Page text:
The oil painting by renowned impressionist Camille Pissarro titled “Rue Saint-Honoré in the Afternoon, Effect of Rain” appears innocent enough. The work depicts a boulevard in Paris during a dreamy drizzly afternoon in 1897. But it is what appears behind the canvas that portrays a far darker portrait of human suffering and has set the stage for a titanic legal fight between the Jewish family that originally owned the painting and Spain’s Thyssen-Bornemisza Collection Foundation which acquired the painting decades after it was stolen.
The dispute stems from the descendants of Lilly Cassirer-Neubauer, who was forced to surrender the painting to German officers in 1939 to obtain a visa to flee the country and avoid being sent to an extermination camp. The Cassirer family acquired the original painting in 1898. Several decades after World War II, in 1976, the Baron Hans Heinrich Thyssen-Bornemisza of Switzerland purchased the work in New York from an American art collector. In 1998, the Baron left his entire collection of art to Spain which created the Thyssen-Bornemisza Collection Foundation and built the Museo Nacional Thyssen-Bornemisza in Madrid to display it.
It was not until 1999 that Lilly’s grandson Claude Cassirer received a call from an acquaintance that the painting was on display at the museum. After the Spanish government refused to return the work, the Cassirer family filed suit in the United States District Court for the Central District of California in 2005 and ultimately withstood Spain’s defenses of sovereign immunity and the statute of limitations.
Last week, after approximately 13 years of litigation, federal judge John F. Walter in downtown Los Angeles presided over a bench trial in which the parties argued whether the Baron and/or Foundation knew, or was willfully blind to the fact that, the painting was stolen.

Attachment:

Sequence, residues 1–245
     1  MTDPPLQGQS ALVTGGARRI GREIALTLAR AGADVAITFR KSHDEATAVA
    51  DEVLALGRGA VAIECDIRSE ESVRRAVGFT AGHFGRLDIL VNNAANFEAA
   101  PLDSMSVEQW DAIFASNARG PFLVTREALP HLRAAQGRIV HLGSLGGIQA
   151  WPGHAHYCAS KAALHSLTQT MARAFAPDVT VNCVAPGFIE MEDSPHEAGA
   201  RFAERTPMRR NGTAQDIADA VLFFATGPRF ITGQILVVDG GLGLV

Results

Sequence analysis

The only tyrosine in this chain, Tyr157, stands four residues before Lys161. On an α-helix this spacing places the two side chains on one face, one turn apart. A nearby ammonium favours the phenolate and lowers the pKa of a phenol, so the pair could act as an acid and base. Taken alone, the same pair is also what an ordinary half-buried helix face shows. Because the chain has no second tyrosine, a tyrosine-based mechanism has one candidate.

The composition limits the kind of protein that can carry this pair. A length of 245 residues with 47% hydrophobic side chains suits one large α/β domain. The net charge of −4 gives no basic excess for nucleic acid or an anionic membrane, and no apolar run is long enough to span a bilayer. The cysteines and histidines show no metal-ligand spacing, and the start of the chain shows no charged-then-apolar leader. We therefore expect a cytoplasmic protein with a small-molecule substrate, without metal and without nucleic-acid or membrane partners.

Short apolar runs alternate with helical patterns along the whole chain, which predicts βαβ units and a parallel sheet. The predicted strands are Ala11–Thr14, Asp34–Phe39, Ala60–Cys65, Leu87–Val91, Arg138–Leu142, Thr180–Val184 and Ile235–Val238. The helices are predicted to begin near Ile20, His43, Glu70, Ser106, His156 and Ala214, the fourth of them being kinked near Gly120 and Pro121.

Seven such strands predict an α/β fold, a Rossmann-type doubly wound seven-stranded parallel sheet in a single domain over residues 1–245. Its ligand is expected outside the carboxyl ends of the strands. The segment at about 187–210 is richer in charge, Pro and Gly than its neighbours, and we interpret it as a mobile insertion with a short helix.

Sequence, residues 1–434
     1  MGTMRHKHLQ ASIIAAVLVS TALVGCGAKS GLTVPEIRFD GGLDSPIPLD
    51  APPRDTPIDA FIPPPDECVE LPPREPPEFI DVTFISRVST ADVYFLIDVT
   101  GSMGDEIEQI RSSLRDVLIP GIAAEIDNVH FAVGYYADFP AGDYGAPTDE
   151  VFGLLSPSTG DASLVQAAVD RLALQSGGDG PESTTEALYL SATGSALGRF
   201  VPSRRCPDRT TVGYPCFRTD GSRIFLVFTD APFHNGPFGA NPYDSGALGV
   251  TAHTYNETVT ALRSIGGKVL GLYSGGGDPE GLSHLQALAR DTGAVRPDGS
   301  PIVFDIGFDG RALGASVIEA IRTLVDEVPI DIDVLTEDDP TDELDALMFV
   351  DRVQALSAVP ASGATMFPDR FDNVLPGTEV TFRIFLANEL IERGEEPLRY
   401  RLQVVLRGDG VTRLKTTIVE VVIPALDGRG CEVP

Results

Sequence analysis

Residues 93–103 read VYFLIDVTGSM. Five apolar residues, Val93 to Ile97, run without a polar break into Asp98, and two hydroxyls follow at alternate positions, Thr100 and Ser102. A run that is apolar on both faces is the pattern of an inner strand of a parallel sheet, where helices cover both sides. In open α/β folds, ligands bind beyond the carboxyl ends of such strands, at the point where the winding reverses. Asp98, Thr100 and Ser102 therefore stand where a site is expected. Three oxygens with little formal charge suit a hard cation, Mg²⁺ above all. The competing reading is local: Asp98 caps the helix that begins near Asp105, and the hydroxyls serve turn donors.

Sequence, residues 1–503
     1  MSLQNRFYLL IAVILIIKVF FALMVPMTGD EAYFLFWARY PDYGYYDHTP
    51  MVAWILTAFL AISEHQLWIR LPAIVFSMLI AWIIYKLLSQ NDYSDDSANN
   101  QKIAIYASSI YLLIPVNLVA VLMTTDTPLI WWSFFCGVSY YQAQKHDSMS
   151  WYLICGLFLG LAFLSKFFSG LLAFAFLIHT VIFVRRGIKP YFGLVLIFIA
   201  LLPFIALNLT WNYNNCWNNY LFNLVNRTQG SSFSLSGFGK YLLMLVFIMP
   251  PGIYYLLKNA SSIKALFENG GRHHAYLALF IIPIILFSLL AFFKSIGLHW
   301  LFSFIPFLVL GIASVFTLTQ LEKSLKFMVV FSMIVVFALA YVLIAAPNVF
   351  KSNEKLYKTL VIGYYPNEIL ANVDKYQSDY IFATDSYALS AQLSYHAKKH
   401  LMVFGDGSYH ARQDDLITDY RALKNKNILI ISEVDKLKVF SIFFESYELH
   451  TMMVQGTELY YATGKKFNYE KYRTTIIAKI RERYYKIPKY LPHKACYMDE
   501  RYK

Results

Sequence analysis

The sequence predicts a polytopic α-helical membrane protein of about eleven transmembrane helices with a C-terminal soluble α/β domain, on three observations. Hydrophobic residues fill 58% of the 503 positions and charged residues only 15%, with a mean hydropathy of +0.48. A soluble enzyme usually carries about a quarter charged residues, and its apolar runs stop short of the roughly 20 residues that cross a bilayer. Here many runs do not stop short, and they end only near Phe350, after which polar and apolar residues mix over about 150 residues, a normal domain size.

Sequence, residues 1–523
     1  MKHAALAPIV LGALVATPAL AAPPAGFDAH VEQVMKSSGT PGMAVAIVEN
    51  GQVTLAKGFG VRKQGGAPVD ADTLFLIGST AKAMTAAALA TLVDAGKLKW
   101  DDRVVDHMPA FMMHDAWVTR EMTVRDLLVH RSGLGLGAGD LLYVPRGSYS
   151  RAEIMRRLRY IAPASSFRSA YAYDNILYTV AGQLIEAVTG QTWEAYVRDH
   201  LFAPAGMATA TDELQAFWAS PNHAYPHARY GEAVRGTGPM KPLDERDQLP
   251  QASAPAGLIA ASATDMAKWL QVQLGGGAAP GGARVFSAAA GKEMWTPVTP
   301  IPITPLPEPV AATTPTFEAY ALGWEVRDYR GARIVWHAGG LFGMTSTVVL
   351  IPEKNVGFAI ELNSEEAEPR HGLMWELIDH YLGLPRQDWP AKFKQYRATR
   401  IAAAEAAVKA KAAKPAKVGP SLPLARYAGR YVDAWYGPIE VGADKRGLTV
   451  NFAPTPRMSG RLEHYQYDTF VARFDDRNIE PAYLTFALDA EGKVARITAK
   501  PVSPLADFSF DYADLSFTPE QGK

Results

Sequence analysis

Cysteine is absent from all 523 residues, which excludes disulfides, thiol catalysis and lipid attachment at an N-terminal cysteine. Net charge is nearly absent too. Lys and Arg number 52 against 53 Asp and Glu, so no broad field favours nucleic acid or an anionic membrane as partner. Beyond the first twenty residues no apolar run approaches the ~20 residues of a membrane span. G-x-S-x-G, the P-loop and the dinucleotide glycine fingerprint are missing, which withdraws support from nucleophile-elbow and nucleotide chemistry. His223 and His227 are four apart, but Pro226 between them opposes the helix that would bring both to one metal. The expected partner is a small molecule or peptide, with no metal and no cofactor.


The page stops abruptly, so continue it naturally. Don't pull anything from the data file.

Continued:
According to the Cassirers, on the back of the work, a partial sticker from the Cassirer family art gallery is still visible and indicated that the painting had been in Berlin. The family also claims there is evidence that other labels on the back of the painting that the Nazis may have attached had been torn off, and that records from the Baron’s archives indicate he falsified where he purchased the painting.
Conversely, the Foundation contends that, while in hindsight the labels could raise a red flag, the Foundation’s experts conclude there would have been no reason for the Baron or museum officials to be wary of the painting’s past or link it to the Cassirer family. The Foundation also points to the fact that the painting has been on full display at the museum indicating the Foundation believed it had nothing to hide, and that Lilly’s acceptance of a $13,000 restitution award from the German government after the war extinguished any claim she or her heirs may have to the painting.
Though trial has concluded, Walter’s decision is not anticipated until next spring and will likely be appealed regardless of the outcome.